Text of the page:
- Comparative Gender in Maria Edgeworth’s Belinda
I have covered my old carpet with a handsome green baize, and every stranger, who comes to see me, I observe, takes it for granted, that I have a rich carpet under it.—Aunt Stanhope to Belinda (Maria Edgeworth, Belinda 9)
Maria Edgeworth is a problematic figure for literary scholars. She is an emblem of bourgeois values for many, a progressivist to others. Feminist scholars interpret her variously as a radical anti-patriarchist and antiessentialist and conversely as a conservative polemicist enmeshed in the project of validating patriarchy and paternalism. One possible reason for these conflicting interpretations is Edgeworth’s own determination, as evidenced in her published writings, to avoid being shoehorned into any one extreme position. Her writings often straddle the spaces between extremes, forcing her readers into positions as uncomfortable as her own. Such is the case with her first domestic novel, Belinda, first published in 1801. Belinda has been subjected to a series of attempts to reinterpret its various and often self-contradictory depictions of gender, race, class, and nationalism in terms of its adherence to particular paradigms. For Toni Wein, “Edgeworth merely reifies the visions between the two types of prudence, materialistic and moralistic, making the former the province of men and the latter the preserve of women, and thus fostering the separation of spheres upon which the middle class will depend in the nineteenth century” (301). For Jennie Batchelor, the novel’s original title, Abroad and at Home, signifies it as Edgeworth’s attempt to “describe woman’s unachievable desire to dominate both the social and domestic spheres” (159). And Anne Mellor, attempting to situate Belinda within the emergence of Romanticism, calls it
a textbook example of the new feminine Romantic ideology [in which] Belinda succeeds in establishing a marriage of equality and compatibility because she has remained true to her moral and [End Page 131] rational principles, cemented by the solid example of the benevolent and egalitarian Percival marriage.(44)
And in contrast to all such interpretations of the novel as centered on various iterations of bourgeois femininity, Susan C. Greenfield would have it that “although Belinda, Edgeworth’s first ‘domestic’ novel, takes place in England, it centrally concerns the problem of the West Indies” (215).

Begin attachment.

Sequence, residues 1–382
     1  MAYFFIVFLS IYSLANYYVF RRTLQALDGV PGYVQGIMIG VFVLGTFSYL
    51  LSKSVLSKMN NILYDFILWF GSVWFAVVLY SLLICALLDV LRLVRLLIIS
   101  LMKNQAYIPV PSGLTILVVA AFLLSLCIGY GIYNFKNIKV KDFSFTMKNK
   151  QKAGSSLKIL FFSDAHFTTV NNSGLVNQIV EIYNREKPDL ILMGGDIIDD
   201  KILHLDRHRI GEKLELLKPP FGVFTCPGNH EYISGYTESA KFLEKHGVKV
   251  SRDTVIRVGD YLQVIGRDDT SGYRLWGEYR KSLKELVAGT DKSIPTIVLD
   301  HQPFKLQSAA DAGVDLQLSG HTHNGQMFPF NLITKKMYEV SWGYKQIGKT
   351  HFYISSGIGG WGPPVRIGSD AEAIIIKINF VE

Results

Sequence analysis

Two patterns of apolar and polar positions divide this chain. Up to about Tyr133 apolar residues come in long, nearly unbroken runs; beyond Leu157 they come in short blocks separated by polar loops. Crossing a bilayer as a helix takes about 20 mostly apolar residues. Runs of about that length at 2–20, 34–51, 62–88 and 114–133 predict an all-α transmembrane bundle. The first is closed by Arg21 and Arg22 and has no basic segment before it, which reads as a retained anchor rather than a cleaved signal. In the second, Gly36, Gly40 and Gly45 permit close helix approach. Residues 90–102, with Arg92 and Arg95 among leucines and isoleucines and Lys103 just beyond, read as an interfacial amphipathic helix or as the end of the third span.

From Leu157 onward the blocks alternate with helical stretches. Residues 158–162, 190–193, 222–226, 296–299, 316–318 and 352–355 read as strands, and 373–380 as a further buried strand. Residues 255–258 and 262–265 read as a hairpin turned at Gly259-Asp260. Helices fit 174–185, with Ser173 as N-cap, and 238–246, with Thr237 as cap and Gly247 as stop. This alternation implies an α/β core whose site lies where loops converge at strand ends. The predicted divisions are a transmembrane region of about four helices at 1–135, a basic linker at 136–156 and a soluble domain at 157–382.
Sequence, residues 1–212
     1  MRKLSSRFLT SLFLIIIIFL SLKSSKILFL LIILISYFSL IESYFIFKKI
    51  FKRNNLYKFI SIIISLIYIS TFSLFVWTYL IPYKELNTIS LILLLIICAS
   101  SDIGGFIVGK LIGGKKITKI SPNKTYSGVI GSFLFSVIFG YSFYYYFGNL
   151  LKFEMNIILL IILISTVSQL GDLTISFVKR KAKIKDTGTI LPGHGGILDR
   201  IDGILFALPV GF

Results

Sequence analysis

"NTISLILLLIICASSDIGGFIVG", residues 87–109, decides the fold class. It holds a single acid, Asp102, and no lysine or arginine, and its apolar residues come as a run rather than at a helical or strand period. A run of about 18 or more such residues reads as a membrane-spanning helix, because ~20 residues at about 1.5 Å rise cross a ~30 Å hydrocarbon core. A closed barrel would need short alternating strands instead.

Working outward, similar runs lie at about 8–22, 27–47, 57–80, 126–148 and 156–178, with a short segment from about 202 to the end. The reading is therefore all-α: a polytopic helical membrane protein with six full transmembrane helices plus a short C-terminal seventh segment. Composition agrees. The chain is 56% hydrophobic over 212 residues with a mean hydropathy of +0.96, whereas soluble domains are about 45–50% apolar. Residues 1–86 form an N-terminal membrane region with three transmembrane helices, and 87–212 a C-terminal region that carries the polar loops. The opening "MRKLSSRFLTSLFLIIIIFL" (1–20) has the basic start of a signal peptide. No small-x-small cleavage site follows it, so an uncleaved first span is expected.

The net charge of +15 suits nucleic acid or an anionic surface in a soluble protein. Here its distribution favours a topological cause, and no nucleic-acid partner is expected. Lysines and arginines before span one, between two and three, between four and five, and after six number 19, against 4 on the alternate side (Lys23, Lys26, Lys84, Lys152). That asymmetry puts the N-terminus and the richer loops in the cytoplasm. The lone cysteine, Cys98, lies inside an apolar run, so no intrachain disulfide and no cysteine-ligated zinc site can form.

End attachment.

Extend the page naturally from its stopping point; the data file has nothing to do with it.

Unfortunately for literary scholars, any and all attempts to place Belinda within a clearly defined paradigm are undermined by the text itself. Any reading of the novel as a tool for promoting the bourgeois separation of spheres is ultimately undone both by Lady Delacour’s reformation and by Clarence Hervey’s own preference for the eponymous heroine as a woman fit for public and private responsibilities. Attempting to read Belinda in terms of Romantic principles of egalitarianism is quickly subverted by the novel’s clear demonstration of class and gender differences rather than parity and of its general advocacy of social norms. And readings of the colonial and racial issues in Belinda are mired in a seemingly selfcontradictory text that condemns a white Creole as unfit to mate with English femininity at the same time that it unites a black former slave with a virtuous white female servant with an abundance of loyalty and common sense.
That Edgeworth’s text is, like most domestic novels, didactic is generally accepted, but what in fact is it teaching? Perhaps the difficulty lies not only in Edgeworth’s obvious ambivalence about the rational foundation of existing moral codes and social structures but also in the intense particularity of her examination of individuals’ and society’s failings. Deborah Weiss locates the reason for this particularity in what she terms Edgeworth’s “philosophical pragmatism:
As a philosophical pragmatist, Edgeworth was able to launch her attack on her culture’s debilitating gender codes in a carefully targeted fashion, using theory to identify the precise causes of social problems while at the same time employing the generic resources of the novel to put those theories into practice in the form of psychologically complex characters manoeuvering through a difficult and largely realistic moral world.(443)
It is my contention that Edgeworth’s philosophical pragmatism in fact combines with her interest in natural philosophy to produce...